Mobile games tend to generate a lot of dislike, and of those Idle games seem to be the most universally despised by those who consider themselves hardcore gamers. But they have their place. We all love to dive into a deep and rich narrative and engage with every system a game has to offer, but we also have to work, and sometimes having a game run beside us while we do so is just what we need to break the monotony. Champions of Avan has taken some slack for not being the same kind of RPG as the last title produced by Early Morning Studio, but it produces a very cathartic experience dripping with a sense of character.Continue reading
Another game that came and went from the mobile scene without drawing too much attention, Shadow Quest has been de-listed from both the Play and Apple stores and even appears to have had its official website removed some time ago. The game had a shaky start that saw the initial release plagued with login errors that prevented players from progressing properly, and saw a re-release in multiple countries with Magicindie Softworks getting support from Nova Games.
An enjoyable shift in Social RPGs in recent months has been a growing trend in putting the focus on storytelling. Earlier this year we were pleasantly surprised with the amount of inter-character sequences in Dissidia’s mobile outing from Square Enix, Nintendo has managed to finally give ‘Fire Emblem: Heroes’ a compelling arc with its second chapter, and now we have Sdorica Sunset to add to the list of genuinely interesting narratives.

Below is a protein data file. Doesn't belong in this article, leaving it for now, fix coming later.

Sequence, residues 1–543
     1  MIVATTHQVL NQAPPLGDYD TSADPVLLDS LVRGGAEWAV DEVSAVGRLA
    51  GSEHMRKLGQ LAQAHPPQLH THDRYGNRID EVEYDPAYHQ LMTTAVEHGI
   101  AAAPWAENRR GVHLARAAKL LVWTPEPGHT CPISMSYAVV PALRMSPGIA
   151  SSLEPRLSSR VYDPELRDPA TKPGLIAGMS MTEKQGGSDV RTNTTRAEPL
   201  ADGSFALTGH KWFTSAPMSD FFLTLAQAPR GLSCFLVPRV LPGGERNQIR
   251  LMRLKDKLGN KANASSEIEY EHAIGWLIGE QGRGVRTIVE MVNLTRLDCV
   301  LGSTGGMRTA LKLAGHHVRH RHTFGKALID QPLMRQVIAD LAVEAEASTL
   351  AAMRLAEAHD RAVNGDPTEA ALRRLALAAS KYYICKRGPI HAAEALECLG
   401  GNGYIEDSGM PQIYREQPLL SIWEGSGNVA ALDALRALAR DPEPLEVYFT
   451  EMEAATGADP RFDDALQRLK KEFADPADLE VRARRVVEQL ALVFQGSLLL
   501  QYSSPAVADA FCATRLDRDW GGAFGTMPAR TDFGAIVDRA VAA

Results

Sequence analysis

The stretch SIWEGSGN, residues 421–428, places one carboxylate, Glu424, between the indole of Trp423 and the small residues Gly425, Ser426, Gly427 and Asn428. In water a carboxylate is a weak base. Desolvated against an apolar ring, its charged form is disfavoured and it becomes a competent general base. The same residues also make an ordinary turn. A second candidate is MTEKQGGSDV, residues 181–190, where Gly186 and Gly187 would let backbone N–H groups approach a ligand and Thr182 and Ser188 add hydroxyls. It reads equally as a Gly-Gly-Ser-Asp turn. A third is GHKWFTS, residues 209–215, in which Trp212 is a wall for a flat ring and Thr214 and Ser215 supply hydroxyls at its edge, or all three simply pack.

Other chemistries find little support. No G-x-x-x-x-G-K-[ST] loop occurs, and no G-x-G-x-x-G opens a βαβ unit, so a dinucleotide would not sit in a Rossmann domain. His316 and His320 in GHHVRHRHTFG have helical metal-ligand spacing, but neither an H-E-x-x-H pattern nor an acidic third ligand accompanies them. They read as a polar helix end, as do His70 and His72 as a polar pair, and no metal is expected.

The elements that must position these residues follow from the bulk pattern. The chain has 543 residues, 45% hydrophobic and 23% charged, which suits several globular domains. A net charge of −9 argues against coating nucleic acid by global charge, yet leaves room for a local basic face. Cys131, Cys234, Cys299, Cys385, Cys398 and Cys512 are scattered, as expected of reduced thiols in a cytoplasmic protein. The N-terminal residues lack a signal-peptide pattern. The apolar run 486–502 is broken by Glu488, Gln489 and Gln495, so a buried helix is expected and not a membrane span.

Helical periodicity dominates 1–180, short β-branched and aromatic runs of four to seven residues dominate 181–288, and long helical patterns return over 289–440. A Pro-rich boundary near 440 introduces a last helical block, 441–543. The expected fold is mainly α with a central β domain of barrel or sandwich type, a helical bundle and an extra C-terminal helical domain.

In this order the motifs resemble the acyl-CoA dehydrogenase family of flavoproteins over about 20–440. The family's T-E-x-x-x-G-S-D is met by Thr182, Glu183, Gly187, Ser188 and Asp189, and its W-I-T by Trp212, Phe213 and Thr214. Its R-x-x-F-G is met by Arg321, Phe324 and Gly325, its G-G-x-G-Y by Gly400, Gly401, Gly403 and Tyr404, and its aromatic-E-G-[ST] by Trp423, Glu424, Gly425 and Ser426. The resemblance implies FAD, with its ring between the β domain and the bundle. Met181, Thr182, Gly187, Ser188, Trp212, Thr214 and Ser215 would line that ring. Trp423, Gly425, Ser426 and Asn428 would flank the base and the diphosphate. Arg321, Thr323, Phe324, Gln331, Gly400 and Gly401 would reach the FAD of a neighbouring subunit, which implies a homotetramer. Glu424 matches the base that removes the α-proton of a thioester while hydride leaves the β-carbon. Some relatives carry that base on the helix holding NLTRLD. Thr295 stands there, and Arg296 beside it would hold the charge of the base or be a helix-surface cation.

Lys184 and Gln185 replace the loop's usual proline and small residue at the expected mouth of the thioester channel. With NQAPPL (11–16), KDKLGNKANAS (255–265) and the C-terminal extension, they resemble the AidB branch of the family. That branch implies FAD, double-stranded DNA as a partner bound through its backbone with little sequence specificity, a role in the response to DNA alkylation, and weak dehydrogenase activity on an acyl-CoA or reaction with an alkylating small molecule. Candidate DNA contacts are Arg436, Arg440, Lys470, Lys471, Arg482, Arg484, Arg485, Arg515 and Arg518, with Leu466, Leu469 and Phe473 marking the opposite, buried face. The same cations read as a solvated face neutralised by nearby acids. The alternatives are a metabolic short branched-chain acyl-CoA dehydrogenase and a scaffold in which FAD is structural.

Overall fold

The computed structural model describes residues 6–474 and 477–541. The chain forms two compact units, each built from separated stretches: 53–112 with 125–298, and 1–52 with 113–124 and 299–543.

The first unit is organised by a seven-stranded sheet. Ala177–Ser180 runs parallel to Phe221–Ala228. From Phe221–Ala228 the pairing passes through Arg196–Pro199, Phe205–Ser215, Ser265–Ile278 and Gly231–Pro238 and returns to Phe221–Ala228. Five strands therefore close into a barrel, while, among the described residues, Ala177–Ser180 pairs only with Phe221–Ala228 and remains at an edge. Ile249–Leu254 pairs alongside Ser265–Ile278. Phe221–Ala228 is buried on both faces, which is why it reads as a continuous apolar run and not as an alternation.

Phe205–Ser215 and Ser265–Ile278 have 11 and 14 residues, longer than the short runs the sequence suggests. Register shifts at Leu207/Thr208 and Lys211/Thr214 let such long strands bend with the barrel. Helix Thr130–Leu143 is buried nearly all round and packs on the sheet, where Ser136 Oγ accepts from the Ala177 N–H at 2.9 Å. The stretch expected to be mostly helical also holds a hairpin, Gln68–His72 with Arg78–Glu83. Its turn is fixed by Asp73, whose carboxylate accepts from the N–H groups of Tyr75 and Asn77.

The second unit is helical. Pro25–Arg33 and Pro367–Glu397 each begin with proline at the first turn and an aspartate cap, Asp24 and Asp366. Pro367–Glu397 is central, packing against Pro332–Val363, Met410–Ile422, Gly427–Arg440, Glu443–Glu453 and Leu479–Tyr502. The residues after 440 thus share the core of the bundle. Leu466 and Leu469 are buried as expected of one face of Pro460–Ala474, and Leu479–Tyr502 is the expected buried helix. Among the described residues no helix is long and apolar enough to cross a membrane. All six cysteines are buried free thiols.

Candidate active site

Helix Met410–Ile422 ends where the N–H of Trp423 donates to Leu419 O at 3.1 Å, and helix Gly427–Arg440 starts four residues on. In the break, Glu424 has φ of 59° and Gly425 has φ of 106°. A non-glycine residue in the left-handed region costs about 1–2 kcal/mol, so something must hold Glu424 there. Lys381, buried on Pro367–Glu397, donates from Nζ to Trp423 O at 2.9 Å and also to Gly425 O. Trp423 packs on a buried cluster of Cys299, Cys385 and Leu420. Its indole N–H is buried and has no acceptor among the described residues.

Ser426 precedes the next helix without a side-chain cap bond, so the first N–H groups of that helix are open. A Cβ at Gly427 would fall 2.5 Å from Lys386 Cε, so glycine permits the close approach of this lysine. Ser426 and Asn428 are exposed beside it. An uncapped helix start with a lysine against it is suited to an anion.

Galaxy of Pen and Paper sees a return to the series by its original development team, Paradox North after briefly handing over the reins of the franchise to Paradox Interactive (who recently made the original free to play) while they made their Power Rangers tribute Tactical RPG ‘Chroma Squad’. You’ll learn that the developers liked Chroma Squad quite a lot throughout Galaxy of Pen and Paper, largely because the characters in the game keep talking about it.
For many the most fun to be had in any ‘Legend of Zelda’ game is when the hook shot item comes into play. Legend of the Skyfish takes this idea and runs with it, and its developer, Mgaia makes the most of the concept.
In no uncertain terms, the original Lowlander was a massive success in providing a specific kind of tribute to the CRPGs of old it set out to emulate whilst simultaneously refining their control for a new age. Now, Flat Black Films brings us a sequel in Lowlander II: Lowerlander.
Lowlander is the first game to come out of Flat Black Games, a promising one-man indie developer with a love for old-school CRPGs. What do we mean by old-school? Well whereas most developers tend to use Ultima IV as a yard-stick for the start of their roleplaying experiences, Lowlander pays tribute to the significantly earlier Ultima II, the central part of the original Ultima Trilogy.
Erin is a game very much from the mind of one man, Daniel Franka (who kindly provides a video on the making of the title) who has guided much of the game’s content and it’s a master-class in RPG simplicity and old-school computer game beauty. Continue reading
Released by Goblinz Studios, Dungeon Rushers represents a board-game style approach to roleplaying that fuses the turn based combat of ‘Zodiac: Orcanon Odyssey’ with the trappings of ‘Hero Quest’ to produce a not-quite unique, but very enjoyable hybrid title.
Clickers as RPGs are slowly becoming a thing. The grind of your average JRPG can be easily boiled down to a single repetitive action where power-leveling is concerned and it’s this ‘see the numbers go up’ approach that leaves a sense of satisfaction when playing your average title in this relatively new genre.